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A Statement of Faith From a Christian Intellectual

  1. The Fundamentals

    • I believe in God, Creator and sustainer of all things, the source and destination of the universe.
    • I believe God’s personal love for me was demonstrated and incarnated in God’s material presence within the fabric of history in the person of Yeshua Messiah (Jesus Christ).
    • I believe in God’s ongoing communication and agency within the universe in the form of the Holy Spirit.
  2. The Relationship With God

    • I believe in the reality of a personal relationship with God through Christ, and I believe that relationship to be more primary and fundamental than any specific dogma, doctrine or ritual.
    • I believe all persons are equal in the sight of God through Christ, and that no church hierarchy or clergy member can or should stand between an individual Christian and God.
    • I believe the relationship with God through Christ transcends all borders and boundaries of nation and denomination.
    • I believe the relationship with God through Christ supercedes all constraints of law, morality, tradition and identity.
    • I believe the ultimate foundation of all human morality is in the relationship with God, and that no system of morality can successfully persist in isolation from that relationship.
    • I believe faith is less about simple belief in God and more about devoting oneself in service to God as founded in an attitude of absolute trust.
    • I believe that gaining and maintaining a relationship with God is the most important thing one can do in life.
    • I believe the moment of accepting Christ is the beginning of the Christian journey, not the end of it.
    • I believe we are called to seek God’s Kingdom on Earth as well as in Heaven
  3. The Bible

    • I believe that Old and New Testaments of the Christian Holy Bible contain our best written guide to understanding God and our relationship with God.
    • I believe it represents a severe abuse of the Bible to interpret everything it says in the most literal fashion possible.
    • I believe any meaningful reading of the Bible must be shaped and informed by the relationship with God.
    • I believe the best way to read the Bible is to take the canonical Gospels as the central message, and to interpret the rest of the Bible in relationship to the message of Gospels.
    • I believe that reading the Bible in this way reveals service to other human beings, with particular emphasis on the most disadvantaged, as the chief God-given task of any human life.
  4. Social Issues

    • I believe Christians have significant duties beyond evangelism.
    • I believe the calling of the church in this and all other eras is to seek social justice and to serve the most disenfranchised.
    • I believe the church has a special calling in this specific era of history to promote responsible stewardship of God’s creation.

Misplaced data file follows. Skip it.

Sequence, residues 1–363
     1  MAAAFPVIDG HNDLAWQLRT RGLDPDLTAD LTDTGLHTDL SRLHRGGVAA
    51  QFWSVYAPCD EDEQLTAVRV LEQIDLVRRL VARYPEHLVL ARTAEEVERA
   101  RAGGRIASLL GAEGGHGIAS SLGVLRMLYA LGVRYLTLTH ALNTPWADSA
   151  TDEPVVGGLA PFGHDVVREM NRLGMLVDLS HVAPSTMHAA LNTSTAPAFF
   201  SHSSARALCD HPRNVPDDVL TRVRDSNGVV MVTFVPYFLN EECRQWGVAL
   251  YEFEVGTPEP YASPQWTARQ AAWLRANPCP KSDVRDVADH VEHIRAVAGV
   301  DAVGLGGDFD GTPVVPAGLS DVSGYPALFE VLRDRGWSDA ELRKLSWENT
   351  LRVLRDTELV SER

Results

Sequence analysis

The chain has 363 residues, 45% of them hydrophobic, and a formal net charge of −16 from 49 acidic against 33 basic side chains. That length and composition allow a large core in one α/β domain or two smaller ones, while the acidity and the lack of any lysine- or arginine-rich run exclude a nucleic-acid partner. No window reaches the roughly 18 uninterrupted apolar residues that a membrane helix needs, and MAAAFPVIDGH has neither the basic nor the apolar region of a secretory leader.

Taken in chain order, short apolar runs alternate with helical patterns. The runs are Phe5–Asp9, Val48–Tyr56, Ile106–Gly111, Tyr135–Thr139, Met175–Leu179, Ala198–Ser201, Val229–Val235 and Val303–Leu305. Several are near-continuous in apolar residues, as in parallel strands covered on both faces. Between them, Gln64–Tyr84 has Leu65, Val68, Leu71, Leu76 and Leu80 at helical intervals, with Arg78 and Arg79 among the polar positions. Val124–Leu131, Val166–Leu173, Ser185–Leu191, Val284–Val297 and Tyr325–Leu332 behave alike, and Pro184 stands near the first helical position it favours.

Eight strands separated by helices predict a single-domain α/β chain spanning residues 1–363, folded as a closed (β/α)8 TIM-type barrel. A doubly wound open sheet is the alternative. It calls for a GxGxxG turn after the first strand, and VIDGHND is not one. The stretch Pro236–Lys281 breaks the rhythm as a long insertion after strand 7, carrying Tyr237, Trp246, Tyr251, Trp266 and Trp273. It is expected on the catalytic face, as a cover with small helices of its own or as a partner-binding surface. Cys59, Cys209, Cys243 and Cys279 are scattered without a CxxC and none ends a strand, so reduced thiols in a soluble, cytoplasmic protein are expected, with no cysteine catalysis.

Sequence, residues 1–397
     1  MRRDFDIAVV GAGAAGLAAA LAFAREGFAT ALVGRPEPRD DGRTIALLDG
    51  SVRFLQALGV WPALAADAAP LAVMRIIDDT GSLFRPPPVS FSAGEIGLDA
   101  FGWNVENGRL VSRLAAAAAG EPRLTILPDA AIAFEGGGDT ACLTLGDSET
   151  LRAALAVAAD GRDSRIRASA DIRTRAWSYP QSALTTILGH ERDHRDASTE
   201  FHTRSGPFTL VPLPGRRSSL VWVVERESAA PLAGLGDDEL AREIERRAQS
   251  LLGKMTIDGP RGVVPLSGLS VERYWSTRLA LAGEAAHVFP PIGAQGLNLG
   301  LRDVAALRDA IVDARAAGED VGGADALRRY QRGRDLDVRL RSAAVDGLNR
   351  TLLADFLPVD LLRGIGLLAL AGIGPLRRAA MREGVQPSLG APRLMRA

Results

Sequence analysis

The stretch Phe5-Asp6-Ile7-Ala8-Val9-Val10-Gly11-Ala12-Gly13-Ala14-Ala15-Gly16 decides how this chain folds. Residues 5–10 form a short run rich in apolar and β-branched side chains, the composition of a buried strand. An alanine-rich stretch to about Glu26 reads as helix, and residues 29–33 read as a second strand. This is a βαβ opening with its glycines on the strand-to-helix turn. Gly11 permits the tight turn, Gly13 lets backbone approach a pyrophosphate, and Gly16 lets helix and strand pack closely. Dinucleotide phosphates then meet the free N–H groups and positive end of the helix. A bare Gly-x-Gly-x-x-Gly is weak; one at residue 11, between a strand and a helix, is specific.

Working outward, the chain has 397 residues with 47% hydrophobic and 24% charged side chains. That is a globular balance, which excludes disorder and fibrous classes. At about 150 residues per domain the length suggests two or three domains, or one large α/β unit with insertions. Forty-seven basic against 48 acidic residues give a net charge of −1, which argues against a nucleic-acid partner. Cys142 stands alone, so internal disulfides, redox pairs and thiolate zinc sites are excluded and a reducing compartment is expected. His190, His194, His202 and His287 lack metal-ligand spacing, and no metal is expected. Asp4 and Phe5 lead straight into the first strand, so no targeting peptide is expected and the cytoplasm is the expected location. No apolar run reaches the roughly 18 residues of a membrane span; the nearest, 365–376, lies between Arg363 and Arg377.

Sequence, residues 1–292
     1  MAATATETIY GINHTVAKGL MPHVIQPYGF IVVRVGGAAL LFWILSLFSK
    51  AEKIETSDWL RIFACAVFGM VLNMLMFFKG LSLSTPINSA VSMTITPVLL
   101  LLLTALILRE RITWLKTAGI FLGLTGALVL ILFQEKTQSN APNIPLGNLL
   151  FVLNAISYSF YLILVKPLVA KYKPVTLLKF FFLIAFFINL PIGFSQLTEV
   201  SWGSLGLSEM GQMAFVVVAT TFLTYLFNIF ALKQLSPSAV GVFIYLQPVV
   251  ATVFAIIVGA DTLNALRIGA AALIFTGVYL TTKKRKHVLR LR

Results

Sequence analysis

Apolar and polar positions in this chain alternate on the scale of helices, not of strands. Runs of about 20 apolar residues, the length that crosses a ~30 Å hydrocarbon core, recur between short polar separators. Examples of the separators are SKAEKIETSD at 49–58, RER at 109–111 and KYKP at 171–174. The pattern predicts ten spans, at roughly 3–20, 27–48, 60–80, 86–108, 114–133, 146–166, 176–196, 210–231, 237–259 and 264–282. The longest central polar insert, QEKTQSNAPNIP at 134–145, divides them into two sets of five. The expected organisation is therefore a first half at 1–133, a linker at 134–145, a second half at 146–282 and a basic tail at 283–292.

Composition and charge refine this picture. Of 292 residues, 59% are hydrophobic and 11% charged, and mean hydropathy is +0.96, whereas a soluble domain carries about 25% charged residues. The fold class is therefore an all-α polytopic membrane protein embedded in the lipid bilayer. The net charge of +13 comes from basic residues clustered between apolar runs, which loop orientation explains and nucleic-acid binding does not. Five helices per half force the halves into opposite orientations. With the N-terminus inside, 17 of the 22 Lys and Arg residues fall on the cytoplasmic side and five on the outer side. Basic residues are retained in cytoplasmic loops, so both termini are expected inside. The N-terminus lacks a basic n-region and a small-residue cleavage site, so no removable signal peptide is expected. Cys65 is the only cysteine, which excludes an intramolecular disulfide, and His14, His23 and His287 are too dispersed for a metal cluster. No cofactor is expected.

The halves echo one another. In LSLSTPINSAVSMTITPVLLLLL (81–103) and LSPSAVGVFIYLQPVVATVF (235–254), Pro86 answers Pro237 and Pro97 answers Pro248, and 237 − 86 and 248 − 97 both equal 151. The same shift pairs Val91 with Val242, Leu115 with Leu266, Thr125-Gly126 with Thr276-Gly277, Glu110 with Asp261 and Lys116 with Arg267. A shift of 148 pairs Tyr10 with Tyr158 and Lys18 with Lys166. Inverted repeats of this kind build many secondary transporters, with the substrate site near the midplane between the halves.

• I believe it is wrong and un-Christian for the church to neglect such duties in favor of legislating and enforcing codes of individual sexual morality.
  5. Science and Intellectual Understanding

    • I believe that God is in constant communication with all parts of the universe at all times, but that due to our limitations, we are only ever able to perceive only the tiniest fraction of that communication.
    • I believe the life of the mind is one of the chief gifts of God, and that the development and utilization of the mental faculties, with particular reference to service to others, is one of the chief duties of being human.
    • I believe the current state of animosity and hostility between the Christian and intellectual communities is detrimental to both.
    • I believe we do not, and cannot understand everything of importance about the universe, and that we do not and cannot understand everything of importance about God, and therefore that it is crucial to maintain an attitude of intellectual and theological humility.
    • I believe God calls us to bring our intelligence and sense of reason to bear in matters of faith. I also believe, however, that the paradoxes and inconsistencies we perceive within our religious conception of the universe are the result of unavoidable limitations in our understanding. I further believe the ability to approach such paradoxes in a spirit of intellectual humility is a key requirement for combining a life of faith with the life of the mind.
    • I believe that morality should lead science, rather than science leading morality. However, I also believe there is an inherent moral value to any truthful and accurate understanding of the world, and to the process of seeking that understanding.
    • I believe that scientific explanations of the world’s mechanisms do not conflict with religious understandings of the universe, except in the most shallow conceptions of each.

One Comment

  1. Indigo Sage wrote:

    As in the Bible, the Holy Spirit is mentioned very little in your statement of faith. To me it seems that the question of whether the Parent or Jesus deserves to be called “God” and worshiped as God depends entirely upon whether they are personifications of the Holy Spirit. On the other hand, I do not think that the divinity of the Holy Spirit depends upon its connection with either the Parent or Jesus. The Holy Spirit would be God (or in other words, would be worthy of worship) even if neither Jesus nor the Parent existed. Holy Spirit is the essence of God. Everything else about God is open to question. Perhaps that is why Jesus called lack of faith in the Holy Spirit, the only unforgiveable sin. Conservative Christianity’s insistence that faith in Jesus is the key seems to be at odds with Jesus’ own understanding of the importance of faith in the Holy Spirit.

    Wednesday, February 5, 2014 at 5:41 pm | Permalink

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